The notable exception to the market “exclusion” of lease termination options is when a tenant’s credit is substantial enough, and perhaps the tenant’s footprint large enough, to override market concerns. Some credit tenants reportedly are able to negotiate a lease termination option in almost all of their leases, regardless of market or landlord.
The table below lists some of the concerns tenants and landlords might have when they consider, negotiate, and exercise a termination right during the lease term.
A few concerns that are often missed in consideration of termination options are the impacts to budgeting and financial statements. For landlords and tenants, a lease termination option can frustrate their ability to properly budget for upcoming fiscal years. This is especially true for institutional landlords, whose asset managers are often responsible for creating projected fiscal budgets based upon anticipated cash flows within their portfolios. Such asset managers will try to avoid accepting option rights which create cash flow uncertainty inside of the contract lease term.
Notice in a Lease Termination Option held by the Tenant
Assuming the landlord is amenable to a tenant holding a lease termination option by notice, they typically would need to negotiate how the termination option can be exercised and the fee involved for doing so. Ongoing rights to terminate are exceedingly rare because of the uncertainty it creates for the other party. Therefore, most lease termination options by notice will have a specific period in which the tenant or landlord can exercise their right to terminate.
One of the landlord’s primary concerns is the amount of time it will take to re-lease a property to another tenant once the a lease has been terminated. The timeline below shows a simple lease termination and lease-up process where the tenant would provide notice by a certain date, the lease would terminate, and the subject space would be re-leased by another tenant. A landlord, in such a scenario, would try to mitigate vacancy or the period of time between the termination of the existing lease and the re-lease of the subject property.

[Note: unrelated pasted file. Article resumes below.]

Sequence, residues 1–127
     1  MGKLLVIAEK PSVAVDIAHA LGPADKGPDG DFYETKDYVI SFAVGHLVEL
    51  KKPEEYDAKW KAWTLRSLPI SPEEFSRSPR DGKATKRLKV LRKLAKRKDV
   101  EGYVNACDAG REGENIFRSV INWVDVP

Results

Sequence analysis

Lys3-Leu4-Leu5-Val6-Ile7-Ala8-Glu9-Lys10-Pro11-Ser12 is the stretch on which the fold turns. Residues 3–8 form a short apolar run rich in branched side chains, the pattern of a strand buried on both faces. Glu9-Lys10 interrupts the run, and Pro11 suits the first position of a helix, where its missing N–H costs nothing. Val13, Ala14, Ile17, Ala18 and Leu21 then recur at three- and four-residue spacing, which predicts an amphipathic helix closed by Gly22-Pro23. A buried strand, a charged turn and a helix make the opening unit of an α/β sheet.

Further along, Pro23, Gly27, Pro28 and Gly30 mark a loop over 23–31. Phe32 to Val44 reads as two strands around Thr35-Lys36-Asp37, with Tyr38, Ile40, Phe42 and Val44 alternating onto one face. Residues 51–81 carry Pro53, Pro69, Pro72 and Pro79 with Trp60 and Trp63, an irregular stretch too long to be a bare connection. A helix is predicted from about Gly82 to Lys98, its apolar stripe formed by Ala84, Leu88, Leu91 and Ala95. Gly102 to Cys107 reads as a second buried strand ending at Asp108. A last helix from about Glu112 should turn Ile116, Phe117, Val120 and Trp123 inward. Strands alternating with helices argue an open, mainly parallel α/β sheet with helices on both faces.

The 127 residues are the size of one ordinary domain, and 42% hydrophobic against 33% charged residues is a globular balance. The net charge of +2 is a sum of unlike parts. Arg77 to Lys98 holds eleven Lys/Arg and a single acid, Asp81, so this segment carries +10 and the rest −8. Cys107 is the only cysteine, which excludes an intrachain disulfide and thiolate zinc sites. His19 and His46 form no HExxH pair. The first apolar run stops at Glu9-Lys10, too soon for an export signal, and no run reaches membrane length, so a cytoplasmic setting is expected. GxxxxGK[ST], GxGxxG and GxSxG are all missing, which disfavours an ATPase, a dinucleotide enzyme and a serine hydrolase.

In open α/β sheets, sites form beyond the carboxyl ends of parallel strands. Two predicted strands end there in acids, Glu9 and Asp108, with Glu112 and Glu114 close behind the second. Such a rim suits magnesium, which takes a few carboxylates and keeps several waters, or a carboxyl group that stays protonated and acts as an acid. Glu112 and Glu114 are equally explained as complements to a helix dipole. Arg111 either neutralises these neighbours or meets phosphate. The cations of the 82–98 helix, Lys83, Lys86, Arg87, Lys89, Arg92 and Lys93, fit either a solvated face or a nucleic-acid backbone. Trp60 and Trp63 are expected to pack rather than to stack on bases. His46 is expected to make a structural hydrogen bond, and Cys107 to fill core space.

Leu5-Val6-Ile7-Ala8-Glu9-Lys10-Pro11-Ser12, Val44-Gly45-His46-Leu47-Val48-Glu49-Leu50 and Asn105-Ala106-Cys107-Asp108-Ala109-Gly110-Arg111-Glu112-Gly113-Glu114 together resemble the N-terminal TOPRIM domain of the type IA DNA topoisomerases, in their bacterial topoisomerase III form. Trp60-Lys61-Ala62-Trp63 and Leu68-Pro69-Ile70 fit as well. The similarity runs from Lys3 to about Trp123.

In the context of the lease termination option negotiations, a landlord can mitigate vacancy by increasing the amount of time between the date the tenant must give notice of terminating the lease and the actual termination of the lease. However, increasing the time between the notice date and the termination can create uncertainty for the tenant. The earlier the notice date, the more likely the utility of the lease termination option is diminished because the tenant will be less certain about whether they should exercise it.
In my experience, lease termination options commonly have a structure where the tenant can exercise anywhere between 6 to 9 months prior to the termination date. This period is often small enough for a tenant to know whether it should terminate the lease and long enough for a landlord to have enough time to start marketing without significant concern about vacancy.
Termination Fees in a Lease Termination Option held by the Tenant
There are many methods to determining an appropriate termination fee for the tenant to pay in exchange for exercising its lease termination option. The most common method, in my experience, is equating the termination fee to the landlord’s costs to lease the property, prorated over the months remaining in the lease term following the termination, as the graphic below demonstrates.
This method of determining the termination fee is compelling for both tenants and landlords. The landlord can reasonably amortize their costs over the entire lease term, not just up until the lease terminates, knowing any unamortized costs will be reimbursed if the tenant terminates the lease. Since the landlord can amortize their leasing costs over the entire lease term, the tenant can usually receive a greater amount of leasing incentives than they would without such a termination fee.
Although the above method is common, there are many other ways to structure a lease termination fee. Starting with no fee at all, possible lease termination fees include a nominal fee for legal and processing costs up to the present value of remaining obligations plus any initial costs. At a certain point, the termination fee becomes unattractive to the holder of the termination option because it is equal or greater than the remaining obligation or an alternative transaction such as a sublease or assignment becomes better financially.
Lease termination options are one way to address uncertainty from both the tenant or landlord perspective. Although they are not always possible to obtain in certain negotiations, if structured with reasonable notice periods and termination fees where required, they can help a tenant or landlord commit to a longer term lease while allowing for flexibility in the event one party needs to terminate before the scheduled lease expiration.